"I should have thought," answered the gentleman, "that, when loyalty and religion are at stake, no gentleman or man of honour could be long in choosing his party."

"Truly, sir," replied the trooper, "if ye speak this in the way of vituperation, as meaning to impugn my honour or genteelity, I would blithely put the same to issue, venturing in that quarrel with my single person against you three.

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But if you speak it in the way of logical ratiocination, whilk I have studied in my youth at the Mareschal-College of Aberdeen, I am ready to prove to ye logice, that my resolution to defer, for a certain season, the taking upon me either of these quarrels, not only becometh me as a gentleman and a man of honour, but also as a person of sense and prudence, one imbued with humane letters in his early youth, and who, from thenceforward, has followed the wars under the banner of the invincible Gustavus, the Lion of the North, and under many other heroic leaders, both Lutheran and Calvinist, Papist and Arminian."

After exchanging a word or two with his domestics, the younger gentleman replied, "I should be glad, sir, to have some conversation with you upon so interesting a question, and should be proud if I can determine you in favour of the cause I have myself espoused. I ride this evening to a friend's house not three miles distant, whither, if you choose to accompany me, you shall have good quarters for the night, and free permission to take your own road in the morning, if you then feel no inclination to join with us."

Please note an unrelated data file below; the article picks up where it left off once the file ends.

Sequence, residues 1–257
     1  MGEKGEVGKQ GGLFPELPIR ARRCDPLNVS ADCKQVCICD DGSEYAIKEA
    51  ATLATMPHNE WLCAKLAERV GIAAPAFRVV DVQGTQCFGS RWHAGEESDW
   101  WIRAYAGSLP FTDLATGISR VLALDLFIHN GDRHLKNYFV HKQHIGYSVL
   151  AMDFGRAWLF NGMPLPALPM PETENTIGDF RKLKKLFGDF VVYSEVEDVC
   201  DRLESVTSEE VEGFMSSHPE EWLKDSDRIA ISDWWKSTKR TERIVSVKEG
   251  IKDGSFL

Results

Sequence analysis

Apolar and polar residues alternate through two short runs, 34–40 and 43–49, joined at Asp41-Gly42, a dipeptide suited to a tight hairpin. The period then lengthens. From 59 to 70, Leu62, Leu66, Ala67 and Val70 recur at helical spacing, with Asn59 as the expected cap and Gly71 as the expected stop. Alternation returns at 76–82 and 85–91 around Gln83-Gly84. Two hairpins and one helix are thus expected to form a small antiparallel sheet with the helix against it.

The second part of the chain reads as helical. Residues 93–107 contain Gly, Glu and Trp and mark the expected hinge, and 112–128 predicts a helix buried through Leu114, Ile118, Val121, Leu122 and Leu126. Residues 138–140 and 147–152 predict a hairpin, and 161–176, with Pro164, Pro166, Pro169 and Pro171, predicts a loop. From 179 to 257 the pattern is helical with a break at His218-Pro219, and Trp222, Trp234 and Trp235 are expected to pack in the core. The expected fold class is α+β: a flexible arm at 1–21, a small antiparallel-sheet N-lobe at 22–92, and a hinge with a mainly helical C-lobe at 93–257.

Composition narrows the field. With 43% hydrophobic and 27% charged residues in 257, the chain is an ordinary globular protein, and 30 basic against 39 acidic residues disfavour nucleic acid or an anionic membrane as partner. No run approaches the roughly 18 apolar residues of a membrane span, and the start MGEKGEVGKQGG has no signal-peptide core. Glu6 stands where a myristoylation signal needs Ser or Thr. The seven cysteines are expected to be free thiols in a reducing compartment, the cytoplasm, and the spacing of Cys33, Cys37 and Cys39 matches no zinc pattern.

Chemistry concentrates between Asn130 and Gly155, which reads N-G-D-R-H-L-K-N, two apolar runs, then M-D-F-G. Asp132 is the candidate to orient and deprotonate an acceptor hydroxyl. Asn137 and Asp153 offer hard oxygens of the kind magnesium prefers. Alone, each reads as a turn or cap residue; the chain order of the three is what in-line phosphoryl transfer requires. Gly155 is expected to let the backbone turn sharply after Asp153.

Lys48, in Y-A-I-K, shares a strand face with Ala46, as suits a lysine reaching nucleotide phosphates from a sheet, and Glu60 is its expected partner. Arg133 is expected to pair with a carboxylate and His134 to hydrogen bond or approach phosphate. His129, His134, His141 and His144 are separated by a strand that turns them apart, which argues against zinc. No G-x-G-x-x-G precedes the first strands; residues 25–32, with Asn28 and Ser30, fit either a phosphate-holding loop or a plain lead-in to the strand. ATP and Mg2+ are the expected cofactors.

"Whose word am I to take for this?" answered the cautious soldier. "A man must know his guarantee, or he may fall into an ambuscade."

"I am called,” answered the younger stranger, "the Earl of Menteith, and, I trust, you will receive my honour as a sufficient security."

"A worthy nobleman," answered the soldier, "whose parole is not to be doubted." With one motion he replaced his musketoon at his back, and with another made his military salute to the young nobleman, and continuing to talk as he rode forward to join him. And, I trust," said he, "my own assurance, that I will be bon camarado to your lordship in


peace or in peril, during the time we shall abide togethe will not be altogether vilipended in these doubtful times, when, as they say, a man's head is safer in a steel cap than in a marble palace."

“I assure you, sir," said Lord Menteith, "that to judge from your appearance, I most highly value the advantage of your escort; but, I trust, we shall have no occasion for any exercise of valour, as I expect to conduct you to good and friendly quarters."